After forty years of decline, rheumatoid arthritis (RA) may be on the rise in women, according to recent research. An estimated 1.3 million Americans have RA, and the disease typically affects women twice as often as men.
The overall incidence, or occurrence, of newly diagnosed RA in a given year, declined between 1955 and 1994. Researchers recently set out to examine the incidence, and the prevalence, or number of persons affected by RA in a population at any given time,
The study identified a group of patients with RA (who were at least 18 years old and met the criteria) first diagnosed between January 1, 1995 and January 1, 2005, and a group of patients with prevalent RA on January 1, 2005 living in Olmsted County, Minn.
A total of 350 patients were identified with new-onset RA between 1995 and 2005. Of these patients, 242 were women with an average age of 56.5 years old. Researchers found that the overall incidence of RA was 41.8 per 100,000 people. Among women, the incidence was 54 per 100,000 people, a significant increase when compared to the incidence of 36.4 per 100,000 people in the decade 1985-1994. In contrast, among men, the incidence of RA was 28.6 per 100,000 people, which was consistent with the incidence for men in the previous decade.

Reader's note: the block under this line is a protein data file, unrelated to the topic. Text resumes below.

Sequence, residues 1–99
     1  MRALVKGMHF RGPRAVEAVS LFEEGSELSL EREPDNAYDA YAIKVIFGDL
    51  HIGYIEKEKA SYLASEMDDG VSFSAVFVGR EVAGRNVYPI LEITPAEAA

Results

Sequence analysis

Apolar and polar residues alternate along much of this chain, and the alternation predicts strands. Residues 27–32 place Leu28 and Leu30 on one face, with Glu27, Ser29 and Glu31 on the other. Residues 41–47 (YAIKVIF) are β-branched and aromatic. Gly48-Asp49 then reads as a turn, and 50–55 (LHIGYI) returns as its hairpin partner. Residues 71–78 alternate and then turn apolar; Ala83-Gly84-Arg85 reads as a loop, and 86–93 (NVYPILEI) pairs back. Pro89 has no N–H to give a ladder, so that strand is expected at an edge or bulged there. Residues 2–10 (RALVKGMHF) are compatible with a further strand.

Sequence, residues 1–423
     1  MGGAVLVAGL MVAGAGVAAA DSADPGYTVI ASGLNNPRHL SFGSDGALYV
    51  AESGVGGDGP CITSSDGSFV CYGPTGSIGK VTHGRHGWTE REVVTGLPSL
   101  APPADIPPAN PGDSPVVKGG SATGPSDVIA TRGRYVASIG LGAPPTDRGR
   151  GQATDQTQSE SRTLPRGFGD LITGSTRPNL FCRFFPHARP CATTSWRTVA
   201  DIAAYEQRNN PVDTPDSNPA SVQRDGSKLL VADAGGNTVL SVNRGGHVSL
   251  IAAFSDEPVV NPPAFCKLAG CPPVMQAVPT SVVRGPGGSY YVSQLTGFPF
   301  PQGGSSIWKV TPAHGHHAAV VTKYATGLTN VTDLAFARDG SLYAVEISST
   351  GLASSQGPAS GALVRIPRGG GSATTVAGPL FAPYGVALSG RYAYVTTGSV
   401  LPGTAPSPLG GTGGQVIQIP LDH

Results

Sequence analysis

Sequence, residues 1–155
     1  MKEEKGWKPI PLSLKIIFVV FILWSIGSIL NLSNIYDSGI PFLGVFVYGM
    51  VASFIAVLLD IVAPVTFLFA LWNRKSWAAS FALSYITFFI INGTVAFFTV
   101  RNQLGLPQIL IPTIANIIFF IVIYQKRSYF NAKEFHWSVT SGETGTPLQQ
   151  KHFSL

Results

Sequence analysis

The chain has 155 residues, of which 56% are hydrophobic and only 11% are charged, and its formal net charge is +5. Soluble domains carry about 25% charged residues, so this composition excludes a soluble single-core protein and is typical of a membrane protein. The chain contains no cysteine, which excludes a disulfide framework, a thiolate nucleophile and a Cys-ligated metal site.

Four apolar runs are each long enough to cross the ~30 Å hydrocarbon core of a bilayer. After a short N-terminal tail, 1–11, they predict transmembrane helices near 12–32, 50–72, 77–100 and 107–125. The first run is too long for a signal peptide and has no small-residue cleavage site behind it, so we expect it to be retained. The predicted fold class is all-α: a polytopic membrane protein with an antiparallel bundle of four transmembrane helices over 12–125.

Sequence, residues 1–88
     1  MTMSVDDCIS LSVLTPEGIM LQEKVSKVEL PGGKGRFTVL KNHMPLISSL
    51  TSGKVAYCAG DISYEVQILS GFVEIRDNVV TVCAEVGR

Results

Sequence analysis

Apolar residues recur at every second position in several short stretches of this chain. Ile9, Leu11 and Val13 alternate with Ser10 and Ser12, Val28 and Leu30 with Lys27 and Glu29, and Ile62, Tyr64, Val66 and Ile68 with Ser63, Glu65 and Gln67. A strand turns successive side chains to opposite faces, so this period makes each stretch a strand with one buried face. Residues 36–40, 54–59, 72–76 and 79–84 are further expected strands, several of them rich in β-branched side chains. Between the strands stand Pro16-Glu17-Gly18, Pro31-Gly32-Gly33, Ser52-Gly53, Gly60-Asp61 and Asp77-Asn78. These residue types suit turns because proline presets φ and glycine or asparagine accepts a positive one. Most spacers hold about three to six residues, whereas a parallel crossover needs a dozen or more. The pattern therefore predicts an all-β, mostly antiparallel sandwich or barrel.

The overall prevalence of RA in 2005 was 950 per 100,000 people, which was higher than the 1995 estimate of 850 per 100,000 people.
“Over the past decade, more people have become affected with RA, and we do not yet understand the reasons why,” says Sherine Gabriel, MD, Mayo Clinic rheumatologist and lead author of the study. “This worrisome increase in occurrence of RA not only offers us clues into the causes of RA, but also highlights the need for more research into the causes and treatment of this devastating disease.”